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A Civil Engineer’s First Year

150811-civilengineersfirstyear-graduationAfter graduating from the University of Portland in May of 2014, I had one thing in mind: find an engineering job so I could get out of my parents’ house as soon as possible. With this lofty goal, I promptly began applying for every entry level civil engineering position I could find on the west coast and wondering why I hadn’t applied for grad school somewhere cool like many of my classmates. After a summer of intense job hunting, I was offered an EIT position in the Civil Projects group here at Reid Middleton. I will soon be celebrating my first anniversary of working at Reid Middleton and my first year working as an engineer.

This first year in engineering has been an overall great experience. Being a part of the civil projects group, I have had the opportunity to work on a wide range of projects. In the past year, I have worked on designing fire service lines, a number of different types of storm water drainage systems, retaining wall designs, demolition plans, site development projects, and water system improvement projects. I get to work on different things every day, which keeps me engaged and passionate about my career choice.

The Difference Between the Classroom & the Workplace

My first year has also come with a number of surprises. Creating cost estimates, being introduced to specification documents and how they are used, and learning how to navigate different jurisdictions’ requirements were all relatively new concepts to me. Technical reports were a part of some classes in college, but I was definitely not expecting to be doing as much writing as I have done in the past year.

In school, I was constantly reminded of the basic theories behind technical writing–being clear, concise, using passive voice versus active voice–but I did very little substantial writing. Short papers or lab reports were the norm, and never more than a page and a half. In the past year, I have prepared or helped to prepare project reports, Stormwater Pollution Prevention Plans (SWPPPs), Technical Information Reports (TIRs), and project specifications.  The last three documents contain much of the same information, just tailored to the specific site and project details.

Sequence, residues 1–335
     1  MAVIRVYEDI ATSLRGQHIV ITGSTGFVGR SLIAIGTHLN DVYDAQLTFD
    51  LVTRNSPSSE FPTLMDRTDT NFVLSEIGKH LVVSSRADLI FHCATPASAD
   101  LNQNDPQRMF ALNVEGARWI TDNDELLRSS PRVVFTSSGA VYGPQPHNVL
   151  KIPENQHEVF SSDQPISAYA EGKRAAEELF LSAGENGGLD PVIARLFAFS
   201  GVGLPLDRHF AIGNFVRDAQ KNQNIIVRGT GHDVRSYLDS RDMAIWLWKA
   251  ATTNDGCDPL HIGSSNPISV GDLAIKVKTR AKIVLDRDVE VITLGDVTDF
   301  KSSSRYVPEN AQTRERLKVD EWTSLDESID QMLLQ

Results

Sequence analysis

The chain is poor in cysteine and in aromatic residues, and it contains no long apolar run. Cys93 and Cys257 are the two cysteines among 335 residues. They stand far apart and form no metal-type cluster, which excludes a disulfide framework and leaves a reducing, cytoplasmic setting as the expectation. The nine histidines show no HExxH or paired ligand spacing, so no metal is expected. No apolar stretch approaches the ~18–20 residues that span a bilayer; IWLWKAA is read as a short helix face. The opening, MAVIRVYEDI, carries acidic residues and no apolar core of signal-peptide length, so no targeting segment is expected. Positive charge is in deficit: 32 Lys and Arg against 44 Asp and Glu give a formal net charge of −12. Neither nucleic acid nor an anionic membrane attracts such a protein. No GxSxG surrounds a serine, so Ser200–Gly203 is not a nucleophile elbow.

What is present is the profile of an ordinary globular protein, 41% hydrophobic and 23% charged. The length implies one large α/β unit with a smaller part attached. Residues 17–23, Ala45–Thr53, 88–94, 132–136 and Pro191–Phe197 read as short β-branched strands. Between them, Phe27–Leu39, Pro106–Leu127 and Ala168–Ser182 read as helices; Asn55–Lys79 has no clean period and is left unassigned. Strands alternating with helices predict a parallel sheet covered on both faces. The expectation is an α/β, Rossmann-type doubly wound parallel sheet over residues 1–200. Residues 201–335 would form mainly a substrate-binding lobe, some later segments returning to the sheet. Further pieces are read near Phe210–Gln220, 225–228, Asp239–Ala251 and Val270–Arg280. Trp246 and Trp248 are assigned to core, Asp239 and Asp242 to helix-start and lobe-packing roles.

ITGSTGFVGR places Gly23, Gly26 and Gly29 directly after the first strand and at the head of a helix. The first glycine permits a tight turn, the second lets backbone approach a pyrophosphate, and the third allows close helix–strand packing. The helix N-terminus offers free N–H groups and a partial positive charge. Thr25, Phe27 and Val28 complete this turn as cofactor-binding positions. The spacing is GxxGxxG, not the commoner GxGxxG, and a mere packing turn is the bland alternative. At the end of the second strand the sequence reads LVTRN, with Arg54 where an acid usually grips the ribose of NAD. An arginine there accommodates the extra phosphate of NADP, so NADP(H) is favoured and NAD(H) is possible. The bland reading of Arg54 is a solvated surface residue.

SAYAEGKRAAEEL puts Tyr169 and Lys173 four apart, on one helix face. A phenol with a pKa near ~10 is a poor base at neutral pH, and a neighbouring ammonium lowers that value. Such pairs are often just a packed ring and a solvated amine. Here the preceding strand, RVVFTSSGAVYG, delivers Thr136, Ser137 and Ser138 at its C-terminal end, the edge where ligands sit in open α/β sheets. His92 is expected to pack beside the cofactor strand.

My first step in writing is often to look at a similar report that has been prepared by someone with more experience. From there, I make sure I am aware of all the applicable jurisdictional requirements (every city or county has their own), and often modify the bare bones of an existing report to reflect those requirements. It’s a beginner’s approach, but as I write more and get more comfortable with the process, I will be able to work more from my own knowledge.

Civil Engineering Isn’t Just a Desk Job

I have also been able to go out into the field on different projects. Interacting with contractors, assisting with fire flow testing, and inspecting railroad culverts have all been positive learning experiences. I definitely did not start at Reid Middleton expecting to keep a hard hat, reflective vest and steel-toed boots in my trunk at all times, but that has become my reality.

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I find it hard to believe that I have already been working at Reid Middleton for almost a year. It has been one of the fastest years of my life and one of the best. I feel like I have grown in my technical abilities, my confidence in my own skills, and my familiarity with the realities of engineering on a day to day level. The positive and welcoming work environment at Reid Middleton has definitely made for a good first year in the engineering world and the adult working world in general. I couldn’t have found a better company at which to begin my career, and I look forward to celebrating many more milestone anniversaries as part of the Civil Projects group.

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